Another place describes them as Bright, intense yellow roots with large shoulders that taper down. They are nice, juicy and crunchy with a distinctive sweet taste. different from orange carrots. Fine for any raw carrot use and superb for cooking. We have found Amarillo to be one of the finest stewing and roasting carrots we have grown. It keeps a nice carrot taste yet nicely picks up the flavor of your broth or spices. Makes great carrot juice and freezes well. Can withstand dry conditions. They sound like a wonderful carrot. Did you buy the seed originally, or maybe trade for it?

I know you are supposed to save seeds from at least 6 root type crops for genetic diversity.
I had never heard that, but won't dispute it.

Ok...also found this, It is hardy to zone 5 and is not frost tender. It is in flower from June to August, and the seeds ripen from August to September. The flowers are hermaphrodite (have both male and female organs) and are pollinated by Flies, beetles. The plant is self-fertile.
Here

Does my question make any sense?
Oh, yes.

I talk in circles sometimes.
I think I answered you in circles also. Where's that Remy girl? She always knows all about this sort of thing.

Sue

    Bookmark   December 31, 2008 at 11:38PM
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lakedallasmary(8 - North Central TX)

wow, you really looked into this. thanks.

My seeds were purchased from baker creek. Yes indeed they are drought tolerant. Maybe the lack of flavor has to due with my soil type and our dry horrible Texas soil.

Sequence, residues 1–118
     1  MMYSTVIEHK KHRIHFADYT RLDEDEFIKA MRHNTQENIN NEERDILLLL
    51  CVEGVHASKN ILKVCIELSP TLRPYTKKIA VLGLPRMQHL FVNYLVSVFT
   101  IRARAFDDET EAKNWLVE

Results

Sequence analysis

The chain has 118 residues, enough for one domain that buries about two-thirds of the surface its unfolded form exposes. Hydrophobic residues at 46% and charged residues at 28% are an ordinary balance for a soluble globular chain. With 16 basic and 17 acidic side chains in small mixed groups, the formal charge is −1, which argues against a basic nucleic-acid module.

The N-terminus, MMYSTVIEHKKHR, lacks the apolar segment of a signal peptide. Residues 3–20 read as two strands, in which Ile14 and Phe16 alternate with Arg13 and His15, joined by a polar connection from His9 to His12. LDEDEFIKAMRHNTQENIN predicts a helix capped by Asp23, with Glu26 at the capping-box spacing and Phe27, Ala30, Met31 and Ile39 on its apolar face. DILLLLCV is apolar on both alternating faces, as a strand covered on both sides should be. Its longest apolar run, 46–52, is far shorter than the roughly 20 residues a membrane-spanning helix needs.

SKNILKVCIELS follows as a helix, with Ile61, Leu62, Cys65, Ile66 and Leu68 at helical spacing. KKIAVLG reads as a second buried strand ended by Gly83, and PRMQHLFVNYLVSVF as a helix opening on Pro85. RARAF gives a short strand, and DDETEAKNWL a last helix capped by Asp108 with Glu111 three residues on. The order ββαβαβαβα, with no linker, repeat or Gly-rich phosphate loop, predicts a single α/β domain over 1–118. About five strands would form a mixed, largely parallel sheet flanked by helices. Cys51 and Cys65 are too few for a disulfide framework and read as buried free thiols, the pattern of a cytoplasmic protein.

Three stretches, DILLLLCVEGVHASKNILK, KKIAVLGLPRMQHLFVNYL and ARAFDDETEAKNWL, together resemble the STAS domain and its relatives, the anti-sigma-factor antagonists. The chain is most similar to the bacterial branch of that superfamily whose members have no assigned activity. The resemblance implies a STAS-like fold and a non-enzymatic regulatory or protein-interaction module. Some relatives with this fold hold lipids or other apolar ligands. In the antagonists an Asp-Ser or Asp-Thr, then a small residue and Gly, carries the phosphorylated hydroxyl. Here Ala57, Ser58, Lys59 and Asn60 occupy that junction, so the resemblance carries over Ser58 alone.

I planted rutabagas this past fall and they tasted fine. And it was drier than dry this fall.

I wonder if Amarillo yellow has been bred to not bolt or if they do very late. I mean to have them bolt one year after a fall planting?

I liked them cooked better than raw. I also find yellow beets lacking in flavor. I guess the darker color gives them character.

from this site I read
http://www.carrotmuseum.co.uk/seeds.html

If you want to maintain a carrot variety effectively, you really need to save seed from at least 40 good roots to maintain good genetic diversity. If you have too small a genetic pool, you will end up with small, poor quality roots in a very few generations.

    Bookmark   January 1, 2009 at 2:37PM
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grovespirit(Zone 9)

Rather than tossing those yellow carrot and celeriac seeds, please donate them to Need4Seed. I bet both types of seed will be viable, and will produce food. That is the main goal of seeds sent to Need4Seed- to help feed hungry, low-income families.

If you want the address to mail seed donations in to Need4Seed, email me and I'll give it to you. :)

    Bookmark   January 2, 2009 at 8:48PM
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lakedallasmary(8 - North Central TX)

Please send me that need 4 seed address

I don't trade much anymore but often have extra seed and would love to have them so to someone the truely needs them

Mary

    Bookmark   January 3, 2009 at 10:07PM